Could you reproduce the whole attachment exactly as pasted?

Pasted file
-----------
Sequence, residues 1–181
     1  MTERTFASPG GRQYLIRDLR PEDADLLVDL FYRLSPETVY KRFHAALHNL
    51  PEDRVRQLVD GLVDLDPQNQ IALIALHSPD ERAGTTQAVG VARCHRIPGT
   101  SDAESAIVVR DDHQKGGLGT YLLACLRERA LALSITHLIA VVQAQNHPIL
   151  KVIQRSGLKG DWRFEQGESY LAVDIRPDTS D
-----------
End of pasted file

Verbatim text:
Sequence, residues 1–181
     1  MTERTFASPG GRQYLIRDLR PEDADLLVDL FYRLSPETVY KRFHAALHNL
    51  PEDRVRQLVD GLVDLDPQNQ IALIALHSPD ERAGTTQAVG VARCHRIPGT
   101  SDAESAIVVR DDHQKGGLGT YLLACLRERA LALSITHLIA VVQAQNHPIL
   151  KVIQRSGLKG DWRFEQGESY LAVDIRPDTS D